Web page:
Monday, February 18, 2013

Sensory Activity: Baked Cotton Balls--Part One

While searching around for fun sensory activities for my son, I came across baked cotton balls. And then I saw this post combing baked cotton balls and smashing/bashing them with tools. Um....YES, please! I figured he would be all over banging tools and smashing something.
All you need is:
--paint (I used tempera paint from Michael's)
--cotton balls (I got 100 in a package from Dollar Tree!)
--flour and water (1:1 ratio; I used 1 cup of each and had plenty for four colors.
 I mixed up the flour paste and separated it into a sectioned platter and let my son go to town.
Just dip them in and put them on a lined cookie sheet. What a fully great sensory experience! First you get to dip soft cotton balls into a gooey solution. Then they turn hard and crunchy after they are baked.
He wasn't super into this though. I think it was TOO much of a sensory experience for him. So I went ahead, finished them and baked them.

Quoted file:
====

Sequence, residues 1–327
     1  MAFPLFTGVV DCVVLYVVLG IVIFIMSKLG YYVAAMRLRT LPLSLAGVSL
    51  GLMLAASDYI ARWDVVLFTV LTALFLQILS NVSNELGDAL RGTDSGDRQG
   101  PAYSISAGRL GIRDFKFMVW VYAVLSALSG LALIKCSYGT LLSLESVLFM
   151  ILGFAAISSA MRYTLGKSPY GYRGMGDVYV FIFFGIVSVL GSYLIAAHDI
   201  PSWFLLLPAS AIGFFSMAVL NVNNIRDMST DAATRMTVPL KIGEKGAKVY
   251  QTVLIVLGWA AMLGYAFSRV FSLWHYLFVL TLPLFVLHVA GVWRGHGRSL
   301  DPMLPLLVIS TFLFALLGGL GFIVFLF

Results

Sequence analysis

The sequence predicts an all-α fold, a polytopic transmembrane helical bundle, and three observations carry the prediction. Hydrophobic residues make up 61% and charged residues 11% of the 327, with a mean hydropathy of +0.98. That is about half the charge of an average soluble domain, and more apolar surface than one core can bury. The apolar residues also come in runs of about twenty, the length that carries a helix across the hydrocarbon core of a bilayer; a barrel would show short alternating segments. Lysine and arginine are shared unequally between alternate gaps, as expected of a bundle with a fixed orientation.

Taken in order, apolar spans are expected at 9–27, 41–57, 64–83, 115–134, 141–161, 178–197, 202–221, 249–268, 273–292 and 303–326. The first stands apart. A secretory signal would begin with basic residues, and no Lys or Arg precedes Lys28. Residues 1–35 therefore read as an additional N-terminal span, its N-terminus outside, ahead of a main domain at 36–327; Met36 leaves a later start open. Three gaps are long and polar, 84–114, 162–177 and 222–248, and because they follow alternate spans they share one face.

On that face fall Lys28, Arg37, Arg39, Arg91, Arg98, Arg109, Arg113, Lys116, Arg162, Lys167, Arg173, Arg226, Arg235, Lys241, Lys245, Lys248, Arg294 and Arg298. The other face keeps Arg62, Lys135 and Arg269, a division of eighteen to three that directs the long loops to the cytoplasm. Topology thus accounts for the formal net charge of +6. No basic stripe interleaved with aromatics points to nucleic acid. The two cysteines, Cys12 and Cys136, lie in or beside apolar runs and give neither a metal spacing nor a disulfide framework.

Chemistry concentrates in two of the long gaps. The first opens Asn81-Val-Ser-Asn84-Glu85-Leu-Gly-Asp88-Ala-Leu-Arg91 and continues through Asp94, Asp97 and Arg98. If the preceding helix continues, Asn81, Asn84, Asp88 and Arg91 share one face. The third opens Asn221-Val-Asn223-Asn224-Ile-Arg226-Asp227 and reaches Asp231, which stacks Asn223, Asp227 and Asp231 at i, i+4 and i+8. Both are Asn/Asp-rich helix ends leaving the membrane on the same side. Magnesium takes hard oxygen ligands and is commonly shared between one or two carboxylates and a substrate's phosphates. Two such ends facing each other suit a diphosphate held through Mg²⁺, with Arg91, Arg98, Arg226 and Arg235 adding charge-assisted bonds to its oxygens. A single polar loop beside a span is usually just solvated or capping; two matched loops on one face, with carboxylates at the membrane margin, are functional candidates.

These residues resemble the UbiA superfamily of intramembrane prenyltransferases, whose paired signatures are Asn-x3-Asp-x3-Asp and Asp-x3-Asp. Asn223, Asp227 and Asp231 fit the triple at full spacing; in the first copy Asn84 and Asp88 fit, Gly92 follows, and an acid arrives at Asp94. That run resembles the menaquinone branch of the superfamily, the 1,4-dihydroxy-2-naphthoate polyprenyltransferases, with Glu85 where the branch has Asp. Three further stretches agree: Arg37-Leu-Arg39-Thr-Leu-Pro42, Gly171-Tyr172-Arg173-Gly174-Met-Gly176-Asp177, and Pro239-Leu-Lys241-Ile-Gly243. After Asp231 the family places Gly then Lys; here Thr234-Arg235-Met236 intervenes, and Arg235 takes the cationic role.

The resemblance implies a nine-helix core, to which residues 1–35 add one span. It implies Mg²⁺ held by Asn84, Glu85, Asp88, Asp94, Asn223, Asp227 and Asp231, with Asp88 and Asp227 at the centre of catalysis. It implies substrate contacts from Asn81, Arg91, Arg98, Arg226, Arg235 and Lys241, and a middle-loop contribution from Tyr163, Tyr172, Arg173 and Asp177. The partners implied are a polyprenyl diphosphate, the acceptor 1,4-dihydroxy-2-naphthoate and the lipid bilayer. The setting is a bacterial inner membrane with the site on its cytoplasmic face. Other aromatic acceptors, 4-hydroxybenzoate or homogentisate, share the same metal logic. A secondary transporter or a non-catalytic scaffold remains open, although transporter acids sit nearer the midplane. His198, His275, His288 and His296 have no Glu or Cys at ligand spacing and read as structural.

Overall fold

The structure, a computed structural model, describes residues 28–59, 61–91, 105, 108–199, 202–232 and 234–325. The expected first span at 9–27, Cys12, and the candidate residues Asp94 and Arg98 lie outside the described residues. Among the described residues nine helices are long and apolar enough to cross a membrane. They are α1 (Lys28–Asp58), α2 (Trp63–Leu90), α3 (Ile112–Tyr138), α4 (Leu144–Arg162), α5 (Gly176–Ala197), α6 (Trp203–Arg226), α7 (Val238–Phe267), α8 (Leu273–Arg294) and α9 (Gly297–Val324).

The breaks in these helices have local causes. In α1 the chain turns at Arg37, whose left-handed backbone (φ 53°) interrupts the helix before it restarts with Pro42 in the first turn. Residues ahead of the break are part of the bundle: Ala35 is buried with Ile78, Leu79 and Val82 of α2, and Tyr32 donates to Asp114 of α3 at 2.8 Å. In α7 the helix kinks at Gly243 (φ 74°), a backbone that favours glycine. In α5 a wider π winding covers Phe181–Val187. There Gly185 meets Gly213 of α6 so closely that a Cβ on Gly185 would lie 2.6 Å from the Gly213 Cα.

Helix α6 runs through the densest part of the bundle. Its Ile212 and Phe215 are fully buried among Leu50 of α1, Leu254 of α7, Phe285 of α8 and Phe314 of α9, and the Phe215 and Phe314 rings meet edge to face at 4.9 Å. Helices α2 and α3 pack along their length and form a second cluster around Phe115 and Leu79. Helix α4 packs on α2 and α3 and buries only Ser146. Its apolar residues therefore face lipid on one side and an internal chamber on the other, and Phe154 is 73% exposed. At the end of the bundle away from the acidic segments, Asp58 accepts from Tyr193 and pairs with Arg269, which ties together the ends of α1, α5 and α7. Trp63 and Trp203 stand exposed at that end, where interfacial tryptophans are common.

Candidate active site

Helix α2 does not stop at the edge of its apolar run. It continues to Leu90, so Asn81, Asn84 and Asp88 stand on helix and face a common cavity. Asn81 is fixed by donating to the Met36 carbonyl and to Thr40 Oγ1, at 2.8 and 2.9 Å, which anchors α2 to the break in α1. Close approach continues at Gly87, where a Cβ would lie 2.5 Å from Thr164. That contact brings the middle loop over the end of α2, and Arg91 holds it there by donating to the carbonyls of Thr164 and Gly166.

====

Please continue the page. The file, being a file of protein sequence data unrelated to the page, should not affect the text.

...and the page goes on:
The directions had said to bake at 325 degrees for 30 minutes. I think I ended up doing them for less time. If you leave them in too long they "burn" and turn a bit brown. I just tested a few to start before I did a whole pan.
 Here they are!
I did this activity in two parts. The first day we made the cotton balls and a week or so later when I needed a new activity for him, I pulled out the baked cotton balls and set up this play invitation:
He really seemed to enjoy this! He checked each tool. He tried to use each one to break up the cotton balls.
Now, are you sitting down? Because, guess what? I think I just may have come up with an idea on my OWN! Well, inspired by Pinterest for sure. But I don't believe I've seen this around the blogosphere or on Pinterest before. I used neon paint to make the baked cotton balls. So we could have a GLOW experience with them! Check it out in Baked Cotton Balls--Part Two.


  1. I just tried this and the finished product didn't come out as I thought. They don't break, just kind of flatten out. Did yours do that too?

  2. Hi Emily,

    They don't really break because the inside is still soft. It's more of a smashing activity than a breaking activity. We just played around with them. It was fun for my son to try the different tools to see if he could do anything to the baked cotton balls. Once the outside was cracked/broken, he liked to pull the cotton on the inside out. It's a great sensory experience all the way around. From the making of them to the destroying of them. If you click on the post I linked to at the top, you can see that they were able to just smash them and pull them apart as well. So it sounds like you did every thing right! ;-)